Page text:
Don't worry, I'll get the light. As the last one off of the Rashard Mendenhall bandwagon, it is my responsibility to turn it off.
People have been jumping off since Mendenhall crushed the Steelers in Super Bowl XLV against the Green Bay Packers with a fourth-quarter fumble. I defended him. Fumbles happen. It's not as if Mendenhall had a reputation for them, contrary to what many think. Packers linebacker Clay Matthews made an awesome play. The loss wasn't all Mendenhall's fault. Steelers quarterback Ben Roethlisberger threw two interceptions, including one that was returned for a touchdown. The defense couldn't stop Packers quarterback Aaron Rodgers, who threw for 303 yards and three touchdowns and was named the game's Most Valuable Player.
Many others bailed on Mendenhall after his sympathetic tweets about Osama bin Laden after bin Laden's death in May 2011. I defended Mendenhall's right to have such strong opinions, including questioning the events of 9/11. I even praised him for having the nerve to put his name on his opinions when so many were offended by them.
Those of us with Mendenhall dwindled even more when he had a mediocre season in 2011. I stuck up for him. He scored nine touchdowns, didn't he? Former Steelers great Jerome Bettis always said a running back makes his biggest contribution to the team by scoring touchdowns.
Hardly anyone was left with Mendenhall as he struggled this season, rushing for just 113 yards on 34 carries and scoring no touchdowns. He missed the first three games because of a knee injury, had a decent performance Oct. 7 against the Philadelphia Eagles, was injured again (Achilles tendon) the next week against the Tennessee Titans and missed four more games. He did little in a home loss Nov. 18 against the Baltimore Ravens and fumbled on two of his four carries in a road loss to the Cleveland Browns the next week. That was enough for just about everyone to give up on Mendenhall, including Steelers coach Mike Tomlin, who demoted him from first- to third-string behind Jonathan Dwyer and Isaac Redman and deactivated him for the past two games against the Ravens and the San Diego Chargers.
Only one of us was left with Mendenhall at that point.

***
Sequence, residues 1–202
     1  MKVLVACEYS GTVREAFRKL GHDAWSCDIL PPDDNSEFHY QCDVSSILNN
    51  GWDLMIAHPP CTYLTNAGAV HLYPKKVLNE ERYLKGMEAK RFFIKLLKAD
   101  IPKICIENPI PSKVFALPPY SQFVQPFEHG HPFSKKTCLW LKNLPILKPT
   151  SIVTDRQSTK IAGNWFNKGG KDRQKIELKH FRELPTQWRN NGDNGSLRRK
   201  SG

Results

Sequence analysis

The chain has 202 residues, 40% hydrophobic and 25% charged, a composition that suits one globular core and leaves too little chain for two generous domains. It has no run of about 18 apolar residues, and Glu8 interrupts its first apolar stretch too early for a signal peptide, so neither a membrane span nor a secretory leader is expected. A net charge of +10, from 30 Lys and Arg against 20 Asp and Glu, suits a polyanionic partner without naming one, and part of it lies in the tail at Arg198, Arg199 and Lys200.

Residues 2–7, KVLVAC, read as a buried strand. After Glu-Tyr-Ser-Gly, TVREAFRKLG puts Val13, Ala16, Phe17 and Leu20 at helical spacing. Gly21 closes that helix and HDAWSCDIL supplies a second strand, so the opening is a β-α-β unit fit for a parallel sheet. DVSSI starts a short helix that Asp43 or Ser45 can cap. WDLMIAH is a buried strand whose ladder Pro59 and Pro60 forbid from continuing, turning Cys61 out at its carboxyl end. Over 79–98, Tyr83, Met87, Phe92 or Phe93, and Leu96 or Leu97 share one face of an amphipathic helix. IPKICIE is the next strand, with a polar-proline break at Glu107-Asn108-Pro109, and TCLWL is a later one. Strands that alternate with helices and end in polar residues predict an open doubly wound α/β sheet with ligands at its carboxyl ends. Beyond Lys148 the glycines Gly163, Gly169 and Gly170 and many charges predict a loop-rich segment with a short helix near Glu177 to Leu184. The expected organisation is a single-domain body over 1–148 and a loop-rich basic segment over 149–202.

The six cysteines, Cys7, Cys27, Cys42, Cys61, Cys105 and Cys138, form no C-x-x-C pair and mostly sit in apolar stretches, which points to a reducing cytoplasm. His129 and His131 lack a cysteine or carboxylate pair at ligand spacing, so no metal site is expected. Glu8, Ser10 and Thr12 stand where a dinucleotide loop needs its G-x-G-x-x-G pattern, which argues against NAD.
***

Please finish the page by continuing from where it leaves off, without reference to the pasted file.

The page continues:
I'm embarrassed to admit it.
I was on 93.7 The Fan this week saying it was time for Tomlin to go back to Mendenhall. Dwyer and Redman haven't exactly shined, although some of that can be blamed on an injured offensive line. Mendenhall has more talent than either of them. He figured to be hungry, eager to show other NFL teams that he could help them next season as a free agent.
Then, the Post-Gazette's Ed Bouchette reported Tuesday night that Mendenhall will be suspended for next Sunday's game at Dallas because he failed to show up for the Chargers game Sunday at Heinz Field, apparently because he was ticked he wasn't going to get -- in Tomlin's words -- "a hat." Mendenhall wasn't just incredibly stupid. He was incredibly selfish.
The stupid part is clear. Mendenhall needs to play -- or at least keep himself in position to play -- to get a big contract next season. Some team will sign him because he has the power to break a tackle and the speed to turn a 5-yard gain into a 50-yard home run. But big money? Shame on the team that gives it to him.
The selfish part might be even more troubling. Mendenhall has an obligation to his teammates to be there for them at all times, if not to help them on the field in uniform, then to support them on the sideline in street clothes. I don't know how he's going to look them in the eye when he rejoins the team next week.
Do the Steelers need this distraction now as they start the push for the playoffs? I don't think so.
It's been fairly obvious all season that the Steelers' No. 1 priority in the offseason has to be a big-time running back. Mendenhall's suspension merely confirms it. The team has to find someone better than Dwyer and Redman. It's certainly not going to be Mendenhall.
That click you hear is the light going out.
On Mendenhall's bandwagon, sure.
But also on his career with the Steelers.